- Charlie Maday, Senior Vice President, Military History Channel

"Friendship, bravery, and compassion, these American soldiers had it all. The passionate description of bravery, patriotism, and pride gives the reader insight into the men who changed the armed services forever. I found myself wanting to cheer for them and cry with them, and beaming with pride for all they were able to accomplish. These men proved they were the best."

- Pamela Gentry, Washington Bureau Chief, BET News

"… a remarkable account, told from the inside out, a great book…"

- Book Bit for WTBF AM/FM, February 2010

"FINALIST, 2009, ARMY HISTORICAL FOUNDATION DISTINGUISHED BOOK AWARD"

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"There is a growing interest in the role of the African American Soldier in our history, from the time of the Revolution to Iraq. Documentaries, like our recent Emmy award winning special on African Americans at D-Day, prove the point. The US Army's First, Last, and Only All-Black Rangers adds a fascinating personal note to this on going epic. Posey's story is important because it says so much about our history. It's destined to become an essential part of our understanding of the role black citizens have played in defending and defining our country."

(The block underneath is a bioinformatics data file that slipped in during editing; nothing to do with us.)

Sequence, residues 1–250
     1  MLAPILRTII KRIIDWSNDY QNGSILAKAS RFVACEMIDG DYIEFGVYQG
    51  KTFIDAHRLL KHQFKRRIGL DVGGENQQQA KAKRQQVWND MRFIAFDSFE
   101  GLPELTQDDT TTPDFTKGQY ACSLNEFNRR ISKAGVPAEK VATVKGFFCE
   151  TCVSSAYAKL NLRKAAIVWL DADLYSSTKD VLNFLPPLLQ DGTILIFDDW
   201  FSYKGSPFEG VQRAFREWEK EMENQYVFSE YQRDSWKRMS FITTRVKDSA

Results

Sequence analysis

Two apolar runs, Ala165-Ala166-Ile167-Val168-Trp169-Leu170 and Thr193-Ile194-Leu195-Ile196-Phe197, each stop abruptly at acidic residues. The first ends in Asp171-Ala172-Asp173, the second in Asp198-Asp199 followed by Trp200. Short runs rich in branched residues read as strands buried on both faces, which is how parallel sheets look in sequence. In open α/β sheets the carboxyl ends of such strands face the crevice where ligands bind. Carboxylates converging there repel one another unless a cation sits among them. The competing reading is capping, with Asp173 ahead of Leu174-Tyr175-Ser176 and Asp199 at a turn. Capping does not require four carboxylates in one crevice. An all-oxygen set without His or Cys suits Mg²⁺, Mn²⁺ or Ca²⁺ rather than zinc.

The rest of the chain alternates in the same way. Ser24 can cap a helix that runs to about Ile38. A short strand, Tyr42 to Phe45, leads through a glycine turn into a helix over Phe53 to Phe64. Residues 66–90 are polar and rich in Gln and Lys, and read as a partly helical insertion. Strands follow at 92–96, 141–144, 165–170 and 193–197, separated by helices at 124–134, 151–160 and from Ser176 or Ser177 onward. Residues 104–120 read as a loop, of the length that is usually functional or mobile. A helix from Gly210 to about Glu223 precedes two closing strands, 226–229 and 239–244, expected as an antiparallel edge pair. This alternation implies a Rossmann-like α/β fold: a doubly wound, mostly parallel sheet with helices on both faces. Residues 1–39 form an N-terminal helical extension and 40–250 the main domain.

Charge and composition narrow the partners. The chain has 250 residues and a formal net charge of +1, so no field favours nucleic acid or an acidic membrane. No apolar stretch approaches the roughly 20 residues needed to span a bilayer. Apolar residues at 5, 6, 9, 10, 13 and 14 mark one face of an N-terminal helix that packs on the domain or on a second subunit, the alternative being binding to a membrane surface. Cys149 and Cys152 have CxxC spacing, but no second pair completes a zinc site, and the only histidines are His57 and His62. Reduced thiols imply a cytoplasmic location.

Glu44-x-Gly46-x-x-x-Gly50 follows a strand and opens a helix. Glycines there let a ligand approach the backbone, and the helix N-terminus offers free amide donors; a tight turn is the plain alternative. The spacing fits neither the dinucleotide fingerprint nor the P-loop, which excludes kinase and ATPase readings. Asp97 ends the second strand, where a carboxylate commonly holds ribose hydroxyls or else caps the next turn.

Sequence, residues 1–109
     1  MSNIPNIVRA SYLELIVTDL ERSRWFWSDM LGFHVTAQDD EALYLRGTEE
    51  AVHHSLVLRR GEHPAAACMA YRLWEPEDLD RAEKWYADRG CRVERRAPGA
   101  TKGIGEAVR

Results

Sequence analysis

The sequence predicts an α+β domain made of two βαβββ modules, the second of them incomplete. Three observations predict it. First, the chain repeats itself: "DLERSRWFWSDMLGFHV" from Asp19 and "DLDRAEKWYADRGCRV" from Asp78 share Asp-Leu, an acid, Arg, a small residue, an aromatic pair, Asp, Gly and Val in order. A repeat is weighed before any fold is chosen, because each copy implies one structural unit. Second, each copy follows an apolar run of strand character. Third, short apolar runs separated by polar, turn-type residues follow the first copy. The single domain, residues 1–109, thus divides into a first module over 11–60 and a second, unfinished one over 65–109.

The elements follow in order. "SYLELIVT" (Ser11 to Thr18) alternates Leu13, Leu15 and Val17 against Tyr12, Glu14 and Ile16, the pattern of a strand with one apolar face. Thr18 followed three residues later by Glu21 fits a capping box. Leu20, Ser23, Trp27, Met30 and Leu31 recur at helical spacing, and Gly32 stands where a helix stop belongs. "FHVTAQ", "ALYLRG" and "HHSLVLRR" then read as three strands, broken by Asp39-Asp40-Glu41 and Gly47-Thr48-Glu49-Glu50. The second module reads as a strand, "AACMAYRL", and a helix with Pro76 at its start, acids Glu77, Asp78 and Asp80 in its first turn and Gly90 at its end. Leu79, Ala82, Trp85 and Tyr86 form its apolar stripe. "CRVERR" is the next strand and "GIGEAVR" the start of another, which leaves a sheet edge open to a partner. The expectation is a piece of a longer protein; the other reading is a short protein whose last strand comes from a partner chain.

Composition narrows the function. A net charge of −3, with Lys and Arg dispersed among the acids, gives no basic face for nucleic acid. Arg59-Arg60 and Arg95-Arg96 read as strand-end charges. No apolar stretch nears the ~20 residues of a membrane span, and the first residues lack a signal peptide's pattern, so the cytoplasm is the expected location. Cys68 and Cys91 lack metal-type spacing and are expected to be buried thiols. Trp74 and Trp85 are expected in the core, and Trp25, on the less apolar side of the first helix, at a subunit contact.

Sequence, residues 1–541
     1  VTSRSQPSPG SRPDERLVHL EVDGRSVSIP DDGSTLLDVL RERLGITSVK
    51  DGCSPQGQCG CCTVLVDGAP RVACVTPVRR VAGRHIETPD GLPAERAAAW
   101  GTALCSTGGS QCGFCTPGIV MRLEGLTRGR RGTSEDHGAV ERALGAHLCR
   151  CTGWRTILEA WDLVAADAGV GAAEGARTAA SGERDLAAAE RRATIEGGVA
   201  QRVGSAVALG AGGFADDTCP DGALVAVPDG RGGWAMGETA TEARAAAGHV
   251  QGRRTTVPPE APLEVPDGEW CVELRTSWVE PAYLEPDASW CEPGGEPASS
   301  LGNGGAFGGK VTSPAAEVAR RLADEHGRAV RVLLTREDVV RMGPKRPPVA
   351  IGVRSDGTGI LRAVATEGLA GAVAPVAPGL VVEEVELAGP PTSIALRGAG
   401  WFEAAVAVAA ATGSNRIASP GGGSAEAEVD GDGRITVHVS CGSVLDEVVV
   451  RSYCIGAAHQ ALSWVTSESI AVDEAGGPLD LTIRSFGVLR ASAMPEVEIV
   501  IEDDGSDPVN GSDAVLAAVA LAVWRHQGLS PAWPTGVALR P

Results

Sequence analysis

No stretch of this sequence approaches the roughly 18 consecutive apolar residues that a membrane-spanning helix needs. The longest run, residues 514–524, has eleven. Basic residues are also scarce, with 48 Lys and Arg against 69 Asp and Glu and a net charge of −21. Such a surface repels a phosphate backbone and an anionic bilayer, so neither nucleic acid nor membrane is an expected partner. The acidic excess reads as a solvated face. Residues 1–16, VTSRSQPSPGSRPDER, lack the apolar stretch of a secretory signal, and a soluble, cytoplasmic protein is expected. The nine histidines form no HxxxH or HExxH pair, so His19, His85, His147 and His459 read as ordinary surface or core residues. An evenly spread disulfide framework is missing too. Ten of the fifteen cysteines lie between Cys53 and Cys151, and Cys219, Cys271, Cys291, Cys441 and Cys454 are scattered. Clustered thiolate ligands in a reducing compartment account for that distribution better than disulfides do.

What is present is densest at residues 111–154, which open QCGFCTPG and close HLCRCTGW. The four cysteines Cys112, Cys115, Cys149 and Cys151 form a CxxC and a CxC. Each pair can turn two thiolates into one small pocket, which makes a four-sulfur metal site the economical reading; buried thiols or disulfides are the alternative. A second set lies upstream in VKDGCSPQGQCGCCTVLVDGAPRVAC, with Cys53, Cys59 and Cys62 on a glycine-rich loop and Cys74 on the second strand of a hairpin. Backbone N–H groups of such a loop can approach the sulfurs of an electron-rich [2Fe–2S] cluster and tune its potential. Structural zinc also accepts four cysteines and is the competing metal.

- Charlie Maday, Senior Vice President, Military History Channel

"Friendship, bravery, and compassion, these American soldiers had it all. The passionate description of bravery, patriotism, and pride gives the reader insight into the men who changed the armed services forever. I found myself wanting to cheer for them and cry with them, and beaming with pride for all they were able to accomplish. These men proved they were the best."

- Pamela Gentry, Washington Bureau Chief, BET News